Re: Outreachy Questions
did you considered my answers as helpful? Do you need further help?
I'm back from vac now and I'd be happy to guide you kindly into any
problem you might have (since we have now more official mentors please
always stick to the list if possible).
On Wed, May 29, 2019 at 11:38:39PM +0200, Andreas Tille wrote:
> Hi Saira,
> On Wed, May 29, 2019 at 04:06:46PM +0100, Saira Hussain wrote:
> > 1. I've seen in other projects in Gitlab, that are organised in subgroups. Debian-Med is a sub-group of Debian Salsa but then all the individual packages are under it. Wouldn't it make more sense to have sub-sub-groups? e.g. bioinformaticsTools, imagingTools, etc? If not, why is that? Is there another level or structure somewhere else? E.G. a CI/CD? If so, can you point me there so that I understand and learn more about it?
> We habe a flat structure for all Debian Med packages since there is no
> visible advantage to create sub-sub-groups. If we would invent
> sub-sub-groups it would always a question into what sub-sub-group a
> package should go. This question is easy to avoid by just having all
> packages in the same hierarchy.
> > 2. Tests. I know that's a big one but if someone can break it down for me it would be awesome. I am checking older packages, with existing tests to learn more about what's the best way to do it. Some of them, just have sanity checks (i.e. a help message is displayed when there's no argument), some include basic functionality and some are much more detailed. Which is a good level for a test definition to close one of the already existing/open bugs? How do I learn more about system testing? I can't seem to find anything good on bibliography, especially about package/system testing. Everything seems to be about Selenium/hipster-web-tests and blog articles :) Can I add some sample test files if I need int the package? E.g. fasta/sequence files etc. and if so, is there any size constraint?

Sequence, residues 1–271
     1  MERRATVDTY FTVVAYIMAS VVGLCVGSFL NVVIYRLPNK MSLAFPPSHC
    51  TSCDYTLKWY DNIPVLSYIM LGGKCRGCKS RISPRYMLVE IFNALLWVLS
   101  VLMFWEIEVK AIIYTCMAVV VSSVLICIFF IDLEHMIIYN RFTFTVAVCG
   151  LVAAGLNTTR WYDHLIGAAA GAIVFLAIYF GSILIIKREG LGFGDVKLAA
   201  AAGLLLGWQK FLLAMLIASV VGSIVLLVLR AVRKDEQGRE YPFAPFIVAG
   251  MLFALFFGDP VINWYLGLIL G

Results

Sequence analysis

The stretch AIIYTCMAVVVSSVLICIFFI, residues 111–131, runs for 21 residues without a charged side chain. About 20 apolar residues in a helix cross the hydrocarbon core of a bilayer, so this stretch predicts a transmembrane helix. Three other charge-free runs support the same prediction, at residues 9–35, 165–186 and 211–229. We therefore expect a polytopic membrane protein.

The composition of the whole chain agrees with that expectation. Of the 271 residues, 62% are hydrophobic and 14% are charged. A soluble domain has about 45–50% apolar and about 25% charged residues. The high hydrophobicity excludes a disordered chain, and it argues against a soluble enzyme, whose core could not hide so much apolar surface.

> The tests usually depend from the knowledge and effort the developer who
> wrote the test and what possibilities the software itself leaves. For
> instance sometimes only primitive tests make sense in case of programs
> that might require a GUI. A rule of thumb would be: Just craft the test
> in a way you want to have a program that you want to use yourself is
> tested. Please also consider a test as an usage example at the same
> > Thanks for your time!
> You are welcome and I hope this is answering your questions